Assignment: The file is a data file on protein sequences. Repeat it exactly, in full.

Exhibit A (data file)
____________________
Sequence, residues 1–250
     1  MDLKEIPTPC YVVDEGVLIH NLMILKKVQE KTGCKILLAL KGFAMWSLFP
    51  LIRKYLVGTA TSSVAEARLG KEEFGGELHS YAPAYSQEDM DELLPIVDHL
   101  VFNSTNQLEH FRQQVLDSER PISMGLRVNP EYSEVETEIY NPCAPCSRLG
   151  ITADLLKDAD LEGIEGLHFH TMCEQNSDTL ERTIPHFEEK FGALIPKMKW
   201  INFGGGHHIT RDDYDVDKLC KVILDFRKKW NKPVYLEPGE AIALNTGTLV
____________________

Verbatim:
Sequence, residues 1–250
     1  MDLKEIPTPC YVVDEGVLIH NLMILKKVQE KTGCKILLAL KGFAMWSLFP
    51  LIRKYLVGTA TSSVAEARLG KEEFGGELHS YAPAYSQEDM DELLPIVDHL
   101  VFNSTNQLEH FRQQVLDSER PISMGLRVNP EYSEVETEIY NPCAPCSRLG
   151  ITADLLKDAD LEGIEGLHFH TMCEQNSDTL ERTIPHFEEK FGALIPKMKW
   201  INFGGGHHIT RDDYDVDKLC KVILDFRKKW NKPVYLEPGE AIALNTGTLV